To you I am bound for life and education;

My life and education both do learn me

How to respect you: you are the lord of duty;

I am hitherto your daughter. But here’s my husband;

And so much duty as my mother showed

To you, preferring you before her father,

So much I challenge that I may profess

Due to the Moor my lord. (1.3)

 

Brabantio’s rage, among other reasons, necessitate that Desdemona live with Iago and Emilia during the Moor’s campaign in Cyprus against the Turks. While awaiting the arrival of Othello’s ship at the seaport of Cyprus, Desdemona shows herself an intelligent, educated debater. She grows tired of Iago’s derogatory comments directed at his wife, and she quite matter-of-factly states her mind: “O, fie upon thee, slanderer!” She continues to critique the ancient’s answers to her questions:  “These are old fond paradoxes to make fools laugh i' the alehouse” and “O heavy ignorance! thou praisest the worst best.” She is not fearful of the military man, or reticent in the least.

 

 Once that her husband has safely arrived on the island and disembarked, she greets him publicly as if she were herself a diplomat, and later responds before the crowd to his loving address to herself:

 

     The heavens forbid

     But that our loves and comforts should increase,

     Even as our days do grow! (2.1)

 

Later, when Cassio appeals to her after Iago has entangled him in an imbroglio with Roderigo and Governor Montano, which leads to his dismissal by the general, she becomes a mediator between the general and the dismissed lieutenant: “Be thou assured, good Cassio, I will do / All my abilities in thy behalf.” She has a natural inclination to help others, to exercise generosity toward those in need; she is coming, as it were, from a very Christian starting point.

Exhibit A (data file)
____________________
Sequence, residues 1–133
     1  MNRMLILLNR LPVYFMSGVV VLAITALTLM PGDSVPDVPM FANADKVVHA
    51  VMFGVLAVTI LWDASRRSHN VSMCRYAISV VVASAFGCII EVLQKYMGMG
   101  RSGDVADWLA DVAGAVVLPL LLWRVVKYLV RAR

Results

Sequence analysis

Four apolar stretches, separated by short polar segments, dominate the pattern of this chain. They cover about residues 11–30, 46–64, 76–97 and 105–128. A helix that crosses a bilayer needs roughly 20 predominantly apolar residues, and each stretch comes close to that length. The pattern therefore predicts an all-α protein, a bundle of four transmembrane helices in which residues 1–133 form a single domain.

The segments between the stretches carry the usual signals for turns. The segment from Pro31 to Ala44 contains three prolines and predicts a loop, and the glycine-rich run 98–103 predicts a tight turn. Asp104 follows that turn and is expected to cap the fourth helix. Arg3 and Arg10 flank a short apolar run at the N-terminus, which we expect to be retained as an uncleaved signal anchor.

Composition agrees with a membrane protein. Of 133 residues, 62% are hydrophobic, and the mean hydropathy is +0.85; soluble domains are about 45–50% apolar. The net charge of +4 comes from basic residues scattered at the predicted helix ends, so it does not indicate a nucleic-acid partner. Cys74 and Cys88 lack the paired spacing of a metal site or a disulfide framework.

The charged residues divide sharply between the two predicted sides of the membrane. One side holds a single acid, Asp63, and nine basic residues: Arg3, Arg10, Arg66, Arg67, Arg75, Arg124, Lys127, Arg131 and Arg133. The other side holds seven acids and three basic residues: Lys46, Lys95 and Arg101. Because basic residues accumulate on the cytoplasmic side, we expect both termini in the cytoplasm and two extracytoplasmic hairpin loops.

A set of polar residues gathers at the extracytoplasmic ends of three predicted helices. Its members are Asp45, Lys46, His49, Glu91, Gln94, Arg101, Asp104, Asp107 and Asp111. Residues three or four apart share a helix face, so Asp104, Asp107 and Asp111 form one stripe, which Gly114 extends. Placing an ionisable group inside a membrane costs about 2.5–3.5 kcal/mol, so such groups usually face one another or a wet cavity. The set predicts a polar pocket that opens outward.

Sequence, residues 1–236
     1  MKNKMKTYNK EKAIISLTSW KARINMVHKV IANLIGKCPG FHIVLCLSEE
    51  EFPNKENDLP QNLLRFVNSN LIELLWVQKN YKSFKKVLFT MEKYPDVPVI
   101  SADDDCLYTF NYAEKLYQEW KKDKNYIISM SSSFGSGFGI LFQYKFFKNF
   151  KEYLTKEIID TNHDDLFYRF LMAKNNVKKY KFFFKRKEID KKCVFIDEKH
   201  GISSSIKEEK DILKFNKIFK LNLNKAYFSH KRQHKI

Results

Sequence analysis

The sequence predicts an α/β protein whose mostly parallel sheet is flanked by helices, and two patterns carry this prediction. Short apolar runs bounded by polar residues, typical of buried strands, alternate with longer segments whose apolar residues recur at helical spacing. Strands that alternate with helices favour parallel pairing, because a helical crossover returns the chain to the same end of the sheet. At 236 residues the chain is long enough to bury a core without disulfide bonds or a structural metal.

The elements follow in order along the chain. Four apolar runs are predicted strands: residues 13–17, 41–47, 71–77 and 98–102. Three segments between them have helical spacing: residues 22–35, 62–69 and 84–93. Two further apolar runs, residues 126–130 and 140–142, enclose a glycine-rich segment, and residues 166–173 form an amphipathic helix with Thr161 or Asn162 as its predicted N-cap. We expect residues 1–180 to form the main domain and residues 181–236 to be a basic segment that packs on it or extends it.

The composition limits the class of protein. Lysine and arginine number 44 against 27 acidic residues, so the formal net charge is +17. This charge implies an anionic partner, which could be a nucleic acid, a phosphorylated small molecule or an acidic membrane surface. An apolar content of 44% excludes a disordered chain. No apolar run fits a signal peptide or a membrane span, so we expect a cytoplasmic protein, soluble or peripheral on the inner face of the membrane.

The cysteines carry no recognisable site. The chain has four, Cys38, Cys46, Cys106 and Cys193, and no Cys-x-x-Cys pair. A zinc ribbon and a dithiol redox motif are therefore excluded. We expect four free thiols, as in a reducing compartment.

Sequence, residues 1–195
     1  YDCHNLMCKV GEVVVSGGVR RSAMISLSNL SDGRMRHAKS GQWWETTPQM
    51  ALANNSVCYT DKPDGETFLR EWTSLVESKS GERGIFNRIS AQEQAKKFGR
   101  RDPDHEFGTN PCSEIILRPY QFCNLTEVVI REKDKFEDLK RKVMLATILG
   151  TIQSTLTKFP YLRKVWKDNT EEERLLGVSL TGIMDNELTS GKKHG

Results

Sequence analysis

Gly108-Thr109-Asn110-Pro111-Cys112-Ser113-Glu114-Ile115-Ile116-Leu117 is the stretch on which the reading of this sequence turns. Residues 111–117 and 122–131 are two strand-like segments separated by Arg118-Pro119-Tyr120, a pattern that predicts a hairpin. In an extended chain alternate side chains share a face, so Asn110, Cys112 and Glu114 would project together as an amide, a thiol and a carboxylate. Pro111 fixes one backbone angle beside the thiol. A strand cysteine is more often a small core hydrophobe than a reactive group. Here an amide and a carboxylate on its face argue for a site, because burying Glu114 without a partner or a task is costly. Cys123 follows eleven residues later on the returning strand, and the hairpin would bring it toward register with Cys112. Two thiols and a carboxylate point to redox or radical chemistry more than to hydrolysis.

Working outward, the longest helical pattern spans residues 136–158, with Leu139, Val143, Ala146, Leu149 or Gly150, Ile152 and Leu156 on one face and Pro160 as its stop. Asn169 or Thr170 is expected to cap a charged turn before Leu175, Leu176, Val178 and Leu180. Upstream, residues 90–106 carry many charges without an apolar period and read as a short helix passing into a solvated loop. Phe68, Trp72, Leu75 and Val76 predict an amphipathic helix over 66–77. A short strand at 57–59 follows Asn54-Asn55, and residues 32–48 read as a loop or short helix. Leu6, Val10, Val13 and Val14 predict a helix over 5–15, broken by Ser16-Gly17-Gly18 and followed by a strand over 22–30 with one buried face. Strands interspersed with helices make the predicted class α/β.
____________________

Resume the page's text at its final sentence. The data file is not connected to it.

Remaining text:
Emilia, the most prominent female character after Desdemona, is not of the caliber of the aforementioned. Emilia makes her appearance in Act 2, defending herself verbally against an onslaught of criticism by Iago: “her tongue she oft bestows on me”; “chides with thinking”; “Bells in your parlors, wildcats in your kitchen / Saints in your injuries, devils being offended.” Emilia seems not intelligent and witty enough to adequately defend herself, so Desdemona comes to her assistance, calling the ancient a “slanderer.”

 

Unfortunately Emilia is manipulated by her husband. Iago, in planning his strategy following the dismissal of Cassio, says, “My wife must move for Cassio to her mistress; I’ll set her on”; and she shortly thereafter gives the lieutenant access to Desdemona: “I will bestow you where you shall have time / To speak your bosom freely.” Emilia is sheepish at times: She announces to Desdemona, who is with Cassio, “Madam, here comes my lord,” referring to the Moor. Emilia functions basically as a servant to Desdemona and a dupe for Iago; she does not seem capable of more than this through most of the play. In her simplemindedness she freely gives Iago the handkerchief which he has asked her to steal, knowing quite plainly that the loss would pain her mistress (“but she so loves the token”). Emilia evidences selfishness in this act: “What will you give me now / For that same handkerchief?” Since the climax of the play depends on this one weak act by Emilia, it is obvious that she is as crucial to the plot as is Othello. When her mistress asks her the whereabouts of the handkerchief, Emilia lies: “I know not, madam.” After witnessing Othello’s violent reaction to his wife’s inability to produce the handkerchief, Emilia acts dishonestly by not acknowledging that she gave it to Iago. She appears morally weak, emotionally weak and mentally weak. Fortunately, she changes radically in the final scene when she sees the corpse of Desdemona.